Similarly, in Luitweiler v. Northchester Corp., 456 Pa. 530, 319 A.2d 899 (1974), our Supreme Court vacated an order sustaining preliminary objections to a class action, and remanded the case for a factual determination of the propriety of maintaining the suit as a class action. "When factual issues are created on preliminary objections, the trial court should resolve the dispute by receiving evidence thereon through interrogatories, depositions or an evidentiary hearing." 456 Pa. at 535, 319 A.2d at 902.

In the case before us, the Bank's preliminary objections described its activities narrowly, in the precise terms of the statutory exception. The Trustee, on the other hand, averred a much broader scope of banking and business activities within Pennsylvania, and attempted to prove his allegations by deposing the Bank's president. When the court below suppressed the notice of deposition pending resolution of preliminary objections, it precluded determination of the *50 jurisdictional question raised upon preliminary objections.[4] Although we need not determine how the court should resolve the jurisdictional issue, we hold that it must evaluate the propriety of venue consistent with Rule 1028(c).

Accordingly, the order of the lower court sustaining preliminary objections is vacated, and the case remanded for proceedings consistent with this opinion.

WATKINS, former President Judge, did not participate in the consideration or decision of this case.


[1] Act of November 15, 1972, P.L. 1063, No. 271, § 8307, 42 Pa.C.S. § 8307 (Supp. 1977-78).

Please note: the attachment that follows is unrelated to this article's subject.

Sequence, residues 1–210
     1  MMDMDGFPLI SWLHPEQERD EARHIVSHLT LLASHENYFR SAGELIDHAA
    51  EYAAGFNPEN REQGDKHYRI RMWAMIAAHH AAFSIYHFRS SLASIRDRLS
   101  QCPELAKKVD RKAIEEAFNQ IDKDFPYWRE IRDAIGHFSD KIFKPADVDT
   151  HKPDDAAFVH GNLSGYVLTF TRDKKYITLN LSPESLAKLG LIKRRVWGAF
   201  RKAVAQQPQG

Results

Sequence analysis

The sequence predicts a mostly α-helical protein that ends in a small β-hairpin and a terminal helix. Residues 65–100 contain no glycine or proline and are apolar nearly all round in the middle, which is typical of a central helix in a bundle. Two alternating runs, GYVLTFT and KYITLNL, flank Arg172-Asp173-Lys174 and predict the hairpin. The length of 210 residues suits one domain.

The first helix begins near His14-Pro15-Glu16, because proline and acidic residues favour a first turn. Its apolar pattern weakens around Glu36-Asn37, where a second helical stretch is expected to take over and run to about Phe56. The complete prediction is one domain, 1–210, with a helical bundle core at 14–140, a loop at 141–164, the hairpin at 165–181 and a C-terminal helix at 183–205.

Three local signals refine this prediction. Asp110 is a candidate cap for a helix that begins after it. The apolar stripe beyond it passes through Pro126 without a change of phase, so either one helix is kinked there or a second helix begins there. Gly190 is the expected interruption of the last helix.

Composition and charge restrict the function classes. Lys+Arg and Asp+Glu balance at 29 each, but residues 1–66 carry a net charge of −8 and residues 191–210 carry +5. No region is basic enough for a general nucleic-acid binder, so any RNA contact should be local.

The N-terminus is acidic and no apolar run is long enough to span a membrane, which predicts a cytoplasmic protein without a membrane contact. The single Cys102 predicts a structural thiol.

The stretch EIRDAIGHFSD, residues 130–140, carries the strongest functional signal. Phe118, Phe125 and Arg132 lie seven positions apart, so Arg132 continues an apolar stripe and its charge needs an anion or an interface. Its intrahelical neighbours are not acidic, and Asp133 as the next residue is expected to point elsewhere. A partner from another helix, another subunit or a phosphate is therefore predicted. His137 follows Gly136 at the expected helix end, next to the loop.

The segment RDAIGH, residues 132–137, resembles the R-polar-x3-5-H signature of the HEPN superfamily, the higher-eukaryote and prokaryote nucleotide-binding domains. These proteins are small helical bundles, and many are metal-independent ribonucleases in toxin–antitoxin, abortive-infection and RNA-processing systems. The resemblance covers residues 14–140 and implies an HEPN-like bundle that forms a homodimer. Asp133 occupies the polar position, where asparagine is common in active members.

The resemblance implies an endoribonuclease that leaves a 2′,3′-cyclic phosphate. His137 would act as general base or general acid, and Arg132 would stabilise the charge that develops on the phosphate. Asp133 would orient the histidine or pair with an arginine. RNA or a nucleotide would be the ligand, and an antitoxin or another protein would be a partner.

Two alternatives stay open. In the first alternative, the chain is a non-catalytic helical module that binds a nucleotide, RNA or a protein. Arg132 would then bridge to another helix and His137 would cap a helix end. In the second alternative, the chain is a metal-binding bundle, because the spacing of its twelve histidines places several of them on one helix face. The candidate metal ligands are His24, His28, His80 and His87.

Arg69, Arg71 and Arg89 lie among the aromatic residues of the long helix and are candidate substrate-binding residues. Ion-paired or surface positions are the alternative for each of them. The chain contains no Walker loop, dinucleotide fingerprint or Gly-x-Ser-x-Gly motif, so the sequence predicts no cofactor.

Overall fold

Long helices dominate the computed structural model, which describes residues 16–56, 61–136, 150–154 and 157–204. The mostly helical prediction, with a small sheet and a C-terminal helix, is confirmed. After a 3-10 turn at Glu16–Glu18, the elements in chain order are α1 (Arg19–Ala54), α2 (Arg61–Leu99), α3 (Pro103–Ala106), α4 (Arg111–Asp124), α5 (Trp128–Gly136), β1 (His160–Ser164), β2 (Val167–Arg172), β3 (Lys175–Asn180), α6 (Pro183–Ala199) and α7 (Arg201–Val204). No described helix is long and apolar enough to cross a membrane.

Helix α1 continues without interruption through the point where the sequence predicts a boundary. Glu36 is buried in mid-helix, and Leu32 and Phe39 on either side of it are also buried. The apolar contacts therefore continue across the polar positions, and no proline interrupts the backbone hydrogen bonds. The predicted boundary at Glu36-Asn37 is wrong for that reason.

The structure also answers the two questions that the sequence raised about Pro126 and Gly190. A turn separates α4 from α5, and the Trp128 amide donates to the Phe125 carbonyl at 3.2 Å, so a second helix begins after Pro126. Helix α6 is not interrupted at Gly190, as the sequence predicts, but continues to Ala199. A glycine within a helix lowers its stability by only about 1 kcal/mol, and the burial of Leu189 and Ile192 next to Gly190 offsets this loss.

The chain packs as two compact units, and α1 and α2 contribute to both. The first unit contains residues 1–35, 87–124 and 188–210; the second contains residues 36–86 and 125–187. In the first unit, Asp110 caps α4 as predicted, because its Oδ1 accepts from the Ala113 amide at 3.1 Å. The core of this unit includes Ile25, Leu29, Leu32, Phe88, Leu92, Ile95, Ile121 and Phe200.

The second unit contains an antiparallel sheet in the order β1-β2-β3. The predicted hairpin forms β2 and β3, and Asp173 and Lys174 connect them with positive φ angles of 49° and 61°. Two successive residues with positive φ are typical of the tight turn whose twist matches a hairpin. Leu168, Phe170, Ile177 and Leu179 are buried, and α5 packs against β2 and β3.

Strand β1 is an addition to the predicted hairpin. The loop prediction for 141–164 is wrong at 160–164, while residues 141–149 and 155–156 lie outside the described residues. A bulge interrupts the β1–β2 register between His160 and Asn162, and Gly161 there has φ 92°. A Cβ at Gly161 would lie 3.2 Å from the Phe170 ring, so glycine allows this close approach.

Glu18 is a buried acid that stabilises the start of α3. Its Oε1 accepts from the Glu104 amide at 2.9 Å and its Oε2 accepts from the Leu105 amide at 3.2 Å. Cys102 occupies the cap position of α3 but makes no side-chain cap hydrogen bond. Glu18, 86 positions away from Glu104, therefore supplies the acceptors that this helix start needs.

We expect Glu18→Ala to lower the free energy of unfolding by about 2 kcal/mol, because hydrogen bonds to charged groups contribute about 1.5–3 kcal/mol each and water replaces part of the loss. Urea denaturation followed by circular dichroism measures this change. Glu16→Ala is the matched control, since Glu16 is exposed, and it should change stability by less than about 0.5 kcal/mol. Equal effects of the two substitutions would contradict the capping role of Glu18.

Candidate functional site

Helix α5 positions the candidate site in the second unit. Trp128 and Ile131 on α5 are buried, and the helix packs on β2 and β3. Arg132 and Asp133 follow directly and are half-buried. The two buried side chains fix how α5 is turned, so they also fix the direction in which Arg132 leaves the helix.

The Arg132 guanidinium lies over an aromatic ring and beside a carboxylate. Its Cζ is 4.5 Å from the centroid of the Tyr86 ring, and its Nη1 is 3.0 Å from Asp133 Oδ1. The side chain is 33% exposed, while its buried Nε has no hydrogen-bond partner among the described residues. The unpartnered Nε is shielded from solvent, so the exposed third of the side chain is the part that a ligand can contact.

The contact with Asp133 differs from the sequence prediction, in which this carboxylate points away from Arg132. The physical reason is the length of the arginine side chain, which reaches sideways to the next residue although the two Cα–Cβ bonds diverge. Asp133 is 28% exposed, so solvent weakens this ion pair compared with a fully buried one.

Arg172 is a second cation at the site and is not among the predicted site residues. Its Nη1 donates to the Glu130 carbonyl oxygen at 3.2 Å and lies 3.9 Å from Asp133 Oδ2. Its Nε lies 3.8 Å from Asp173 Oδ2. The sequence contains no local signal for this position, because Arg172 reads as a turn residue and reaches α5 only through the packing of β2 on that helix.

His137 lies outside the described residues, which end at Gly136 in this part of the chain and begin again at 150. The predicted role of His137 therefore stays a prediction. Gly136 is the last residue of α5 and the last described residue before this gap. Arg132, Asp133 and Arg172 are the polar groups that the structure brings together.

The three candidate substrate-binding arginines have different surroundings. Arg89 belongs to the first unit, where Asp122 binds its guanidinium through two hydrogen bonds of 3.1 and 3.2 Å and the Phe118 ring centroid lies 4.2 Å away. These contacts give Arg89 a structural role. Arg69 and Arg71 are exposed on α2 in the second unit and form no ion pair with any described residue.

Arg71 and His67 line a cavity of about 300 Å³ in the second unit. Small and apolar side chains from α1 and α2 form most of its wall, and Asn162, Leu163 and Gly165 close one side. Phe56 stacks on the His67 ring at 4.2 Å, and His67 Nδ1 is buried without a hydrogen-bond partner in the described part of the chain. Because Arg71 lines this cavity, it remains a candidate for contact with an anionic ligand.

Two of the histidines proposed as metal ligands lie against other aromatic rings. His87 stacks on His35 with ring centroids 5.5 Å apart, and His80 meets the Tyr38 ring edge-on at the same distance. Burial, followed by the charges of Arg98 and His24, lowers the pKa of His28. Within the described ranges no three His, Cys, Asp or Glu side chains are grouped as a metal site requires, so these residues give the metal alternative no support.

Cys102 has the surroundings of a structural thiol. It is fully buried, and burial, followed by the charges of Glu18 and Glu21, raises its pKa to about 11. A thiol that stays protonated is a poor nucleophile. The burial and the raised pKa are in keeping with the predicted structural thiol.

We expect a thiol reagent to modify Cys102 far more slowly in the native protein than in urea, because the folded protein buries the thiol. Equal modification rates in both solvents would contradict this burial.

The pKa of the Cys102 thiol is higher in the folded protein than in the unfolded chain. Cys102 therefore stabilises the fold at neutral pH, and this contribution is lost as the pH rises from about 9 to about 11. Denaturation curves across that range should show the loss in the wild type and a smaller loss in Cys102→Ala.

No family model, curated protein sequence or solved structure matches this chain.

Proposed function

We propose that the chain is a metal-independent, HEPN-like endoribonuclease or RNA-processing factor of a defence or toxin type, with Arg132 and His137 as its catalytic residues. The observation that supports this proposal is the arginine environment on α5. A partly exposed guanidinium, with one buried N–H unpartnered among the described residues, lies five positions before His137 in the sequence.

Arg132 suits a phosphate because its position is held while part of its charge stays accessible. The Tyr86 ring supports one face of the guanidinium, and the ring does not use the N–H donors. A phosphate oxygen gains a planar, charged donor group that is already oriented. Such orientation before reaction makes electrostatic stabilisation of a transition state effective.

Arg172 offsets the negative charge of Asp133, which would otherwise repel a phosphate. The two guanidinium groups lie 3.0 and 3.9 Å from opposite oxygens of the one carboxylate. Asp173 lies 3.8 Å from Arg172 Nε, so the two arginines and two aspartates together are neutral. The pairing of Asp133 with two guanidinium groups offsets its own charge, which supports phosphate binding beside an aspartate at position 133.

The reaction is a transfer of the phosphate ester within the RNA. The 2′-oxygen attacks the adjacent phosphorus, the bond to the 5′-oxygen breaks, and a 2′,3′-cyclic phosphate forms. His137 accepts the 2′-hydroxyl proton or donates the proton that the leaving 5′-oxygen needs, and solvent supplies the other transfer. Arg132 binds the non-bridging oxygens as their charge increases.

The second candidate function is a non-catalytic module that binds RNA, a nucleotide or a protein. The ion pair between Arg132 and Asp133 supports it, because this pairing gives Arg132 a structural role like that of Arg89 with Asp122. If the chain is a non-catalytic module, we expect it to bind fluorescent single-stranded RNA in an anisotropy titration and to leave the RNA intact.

[2] § 8309(c) provides:

Notwithstanding any other provision of this section, for the purposes of determining jurisdiction of courts within this Commonwealth, inspecting, appraising and acquiring real estate and mortgages, and other liens thereon, and personal property and security interest therein, and holding, leasing away, conveying and transferring the same, as fiduciary or otherwise, or collecting debts and enforcing mortgages and rights in property securing the same by any foreign corporation shall not constitute "doing business." Act of November 15, 1972, P.L. 1063, No. 271, § 8309, 42 Pa.C.S. § 8309(c) (Supp. 1977-78).

[3] The judge who issued the protective order in the court below was not the same judge who ruled on the preliminary objections.

[4] In suppressing the notice of deposition, the court below gave no reason for its action, stating only that the deposition "is prohibited until such time as a decision on the Preliminary Objections has been rendered by the Court." It may be helpful to note that Pa.R.C.P. 4007(a) permits taking of the deposition of any person regarding any matter relevant to the subject matter involved in the action which substantially aid in preparation of the pleadings or preparation or trial of the case. Furthermore, Pennsylvania has adopted the Uniform Interstate and International Procedure Act. Act of July 9, 1976, P.L. 586, No. 142, 42 Pa.C.S. §§ 5321-29 (1977).